Noongar Youth Share Elders Stories Through Modern Music

Published on Thursday, 30 July 2015 at 12:00:00 AM

By Michelle White CAN WA Media and PR

The life stories of the Noongar community in Goomalling has inspired the town’s youth to record a hip hop music track in their honour.

The song, called “Turn Back Time’ was created during a two day CAN WA workshop at the Goomalling Community Centre.

The track was produced with the guidance of hip hop artist Scott Griffiths, who is also known for his work as MC Optamus, with Perth hip hop group Downsyde.

CAN WA, in partnership with the Shire of Goomalling and the Foundation for Rural & Regional Renewal, has been working with the Noongar community to record and preserve the Aboriginal history of the area.

As well as learning about the history of their town, the workshops gave young participants the chance to develop skills in beat-making, writing, rhyming, and performance.

CAN WA Project Manager Poppy van Oorde-Grainger said about twenty young people from the local community attended each hip hop workshop.

“They listened to recordings of senior members of their community and they then used the contemporary art of hip hop, to retell the history of their people and town.” Said Ms van Oorde-Grainger.

The Goomalling Yarns Aboriginal History Project is a multi-faceted community arts program.

It has involved oral history recordings, photo sharing, family history research and arts workshops.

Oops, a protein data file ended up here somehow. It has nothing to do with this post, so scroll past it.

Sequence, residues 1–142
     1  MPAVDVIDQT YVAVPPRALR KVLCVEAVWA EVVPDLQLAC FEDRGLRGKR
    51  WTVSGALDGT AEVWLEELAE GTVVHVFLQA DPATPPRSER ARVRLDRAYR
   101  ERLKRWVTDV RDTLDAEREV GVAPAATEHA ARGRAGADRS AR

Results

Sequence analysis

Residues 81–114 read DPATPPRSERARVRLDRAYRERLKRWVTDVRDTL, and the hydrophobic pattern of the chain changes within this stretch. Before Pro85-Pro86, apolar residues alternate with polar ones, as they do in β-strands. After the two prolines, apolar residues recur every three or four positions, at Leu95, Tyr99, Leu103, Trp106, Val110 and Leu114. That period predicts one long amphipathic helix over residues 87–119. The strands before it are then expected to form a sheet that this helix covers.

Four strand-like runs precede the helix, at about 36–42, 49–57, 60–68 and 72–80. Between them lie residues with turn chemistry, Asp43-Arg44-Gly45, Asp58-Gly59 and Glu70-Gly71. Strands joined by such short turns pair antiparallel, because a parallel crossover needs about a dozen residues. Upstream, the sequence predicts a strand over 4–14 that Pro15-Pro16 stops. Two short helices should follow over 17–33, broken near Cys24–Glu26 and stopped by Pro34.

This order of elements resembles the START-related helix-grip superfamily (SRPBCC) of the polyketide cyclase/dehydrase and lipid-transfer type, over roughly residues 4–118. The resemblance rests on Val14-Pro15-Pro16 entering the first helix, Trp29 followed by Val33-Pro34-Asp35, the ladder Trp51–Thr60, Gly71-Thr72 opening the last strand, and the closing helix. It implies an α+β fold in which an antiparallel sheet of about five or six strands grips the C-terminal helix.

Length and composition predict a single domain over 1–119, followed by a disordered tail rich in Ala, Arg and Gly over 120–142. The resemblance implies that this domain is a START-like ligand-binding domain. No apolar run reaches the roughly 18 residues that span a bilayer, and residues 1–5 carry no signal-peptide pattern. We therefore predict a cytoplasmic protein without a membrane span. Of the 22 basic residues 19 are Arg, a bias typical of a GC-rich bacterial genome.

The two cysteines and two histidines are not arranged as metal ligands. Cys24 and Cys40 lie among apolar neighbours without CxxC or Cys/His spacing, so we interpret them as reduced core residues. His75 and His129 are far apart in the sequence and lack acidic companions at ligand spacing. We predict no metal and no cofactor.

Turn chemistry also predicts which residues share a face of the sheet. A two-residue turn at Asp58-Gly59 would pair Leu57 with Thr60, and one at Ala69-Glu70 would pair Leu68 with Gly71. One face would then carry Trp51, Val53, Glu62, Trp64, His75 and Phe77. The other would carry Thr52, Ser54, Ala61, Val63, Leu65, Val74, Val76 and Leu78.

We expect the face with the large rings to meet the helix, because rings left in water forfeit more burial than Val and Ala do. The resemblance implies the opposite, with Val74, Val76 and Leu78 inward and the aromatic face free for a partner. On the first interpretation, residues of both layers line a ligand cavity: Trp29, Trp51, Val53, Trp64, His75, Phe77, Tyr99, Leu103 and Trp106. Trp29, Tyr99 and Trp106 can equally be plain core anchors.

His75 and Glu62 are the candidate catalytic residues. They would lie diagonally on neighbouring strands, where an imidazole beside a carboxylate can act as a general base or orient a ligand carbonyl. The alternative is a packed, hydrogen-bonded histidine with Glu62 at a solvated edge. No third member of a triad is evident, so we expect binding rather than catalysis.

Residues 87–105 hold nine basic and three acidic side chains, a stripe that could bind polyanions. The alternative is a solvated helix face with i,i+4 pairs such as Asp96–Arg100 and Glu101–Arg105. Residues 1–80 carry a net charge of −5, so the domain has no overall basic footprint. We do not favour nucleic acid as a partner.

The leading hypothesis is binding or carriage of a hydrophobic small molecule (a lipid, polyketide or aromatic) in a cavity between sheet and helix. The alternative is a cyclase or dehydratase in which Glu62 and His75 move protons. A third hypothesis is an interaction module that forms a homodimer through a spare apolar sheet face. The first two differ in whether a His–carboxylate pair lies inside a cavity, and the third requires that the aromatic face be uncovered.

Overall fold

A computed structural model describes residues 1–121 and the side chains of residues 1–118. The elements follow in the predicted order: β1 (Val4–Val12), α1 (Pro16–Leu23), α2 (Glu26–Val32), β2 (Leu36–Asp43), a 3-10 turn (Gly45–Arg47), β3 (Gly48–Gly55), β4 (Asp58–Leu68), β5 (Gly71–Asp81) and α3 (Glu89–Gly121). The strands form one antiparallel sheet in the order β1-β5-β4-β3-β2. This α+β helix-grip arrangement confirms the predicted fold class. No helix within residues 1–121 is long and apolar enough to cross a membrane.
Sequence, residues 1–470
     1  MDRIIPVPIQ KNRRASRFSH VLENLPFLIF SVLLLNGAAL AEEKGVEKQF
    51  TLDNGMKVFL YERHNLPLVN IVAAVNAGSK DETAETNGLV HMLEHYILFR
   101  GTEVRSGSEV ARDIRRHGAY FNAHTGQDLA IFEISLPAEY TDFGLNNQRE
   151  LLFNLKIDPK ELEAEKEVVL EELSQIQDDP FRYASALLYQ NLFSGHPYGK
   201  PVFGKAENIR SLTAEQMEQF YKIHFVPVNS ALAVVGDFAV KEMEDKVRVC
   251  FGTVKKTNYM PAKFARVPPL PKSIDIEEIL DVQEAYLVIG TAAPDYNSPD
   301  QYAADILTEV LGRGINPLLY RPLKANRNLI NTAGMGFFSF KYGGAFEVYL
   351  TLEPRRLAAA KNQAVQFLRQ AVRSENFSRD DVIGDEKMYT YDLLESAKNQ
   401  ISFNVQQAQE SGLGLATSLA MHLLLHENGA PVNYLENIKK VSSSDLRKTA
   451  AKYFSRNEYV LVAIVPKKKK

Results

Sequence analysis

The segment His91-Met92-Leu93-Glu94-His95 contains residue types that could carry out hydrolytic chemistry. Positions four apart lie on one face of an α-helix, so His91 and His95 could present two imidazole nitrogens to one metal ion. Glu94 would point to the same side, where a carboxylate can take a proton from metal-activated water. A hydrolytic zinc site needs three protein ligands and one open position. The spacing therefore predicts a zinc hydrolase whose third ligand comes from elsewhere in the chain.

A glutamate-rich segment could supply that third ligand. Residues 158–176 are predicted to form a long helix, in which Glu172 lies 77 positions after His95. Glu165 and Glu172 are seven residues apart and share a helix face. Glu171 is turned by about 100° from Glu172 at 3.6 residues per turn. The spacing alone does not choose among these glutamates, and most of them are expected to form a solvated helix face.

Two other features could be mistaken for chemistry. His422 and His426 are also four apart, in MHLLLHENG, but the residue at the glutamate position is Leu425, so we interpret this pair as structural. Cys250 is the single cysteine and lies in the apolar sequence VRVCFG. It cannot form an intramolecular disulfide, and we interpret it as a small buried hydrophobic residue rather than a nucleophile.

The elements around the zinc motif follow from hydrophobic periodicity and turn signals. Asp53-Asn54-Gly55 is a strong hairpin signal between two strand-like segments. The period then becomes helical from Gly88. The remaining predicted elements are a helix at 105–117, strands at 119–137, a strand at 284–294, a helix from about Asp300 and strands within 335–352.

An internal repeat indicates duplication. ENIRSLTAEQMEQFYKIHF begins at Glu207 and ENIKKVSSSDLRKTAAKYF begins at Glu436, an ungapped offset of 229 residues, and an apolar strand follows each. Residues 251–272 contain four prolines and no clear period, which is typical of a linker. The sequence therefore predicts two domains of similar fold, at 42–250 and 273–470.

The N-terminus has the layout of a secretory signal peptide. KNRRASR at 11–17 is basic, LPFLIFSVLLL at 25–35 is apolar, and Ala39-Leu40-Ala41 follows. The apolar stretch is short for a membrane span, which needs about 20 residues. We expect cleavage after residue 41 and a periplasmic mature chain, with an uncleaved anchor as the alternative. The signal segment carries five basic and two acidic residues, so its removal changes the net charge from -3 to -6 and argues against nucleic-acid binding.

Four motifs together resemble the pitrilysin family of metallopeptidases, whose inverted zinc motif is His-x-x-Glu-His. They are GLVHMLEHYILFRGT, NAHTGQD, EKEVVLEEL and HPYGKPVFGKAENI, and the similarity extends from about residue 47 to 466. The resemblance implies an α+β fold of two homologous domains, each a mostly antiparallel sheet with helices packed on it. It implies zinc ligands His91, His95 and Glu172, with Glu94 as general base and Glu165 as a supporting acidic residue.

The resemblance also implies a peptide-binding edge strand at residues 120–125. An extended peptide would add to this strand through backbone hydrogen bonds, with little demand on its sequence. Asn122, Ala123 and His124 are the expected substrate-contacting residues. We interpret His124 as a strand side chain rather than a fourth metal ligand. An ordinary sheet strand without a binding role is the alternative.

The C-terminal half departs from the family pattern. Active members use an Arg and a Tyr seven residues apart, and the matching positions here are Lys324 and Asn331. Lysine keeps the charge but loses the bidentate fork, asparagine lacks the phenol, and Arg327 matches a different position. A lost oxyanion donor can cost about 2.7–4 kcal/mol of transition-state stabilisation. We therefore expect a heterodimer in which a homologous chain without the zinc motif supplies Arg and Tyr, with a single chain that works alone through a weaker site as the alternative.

Twelve senior community members have played a pivotal role in preserving the town’s Noongar history.

They shared their personal stories and memories with award winning oral historian Bill Bunbury. Former ABC sound engineer Jemma King has collated these stories into a poignant 20 minute radio documentary.

About 80 Goomalling residents, most of them Noongar have also played an integral role in the Goomalling Yarns project.

During the project, CAN WA helped the State Library Service of WA unearth a unique collection of photos capturing day to day life on the Goomalling reserve.

Called the Mavis Walley collection, the photographs were donated by Mavis’s daughter, Goomalling resident, Dallas Philips.  Dallas was bequeathed the collection of photo slides when her mother passed away. They sat in a tin box in her shed before a CAN WA arts worker recognised their historic value.

A CD and booklet, celebrating all the historical information gathered during the project will be launched in Goomalling at midday, Saturday 8 August at the Sports Pavilion.

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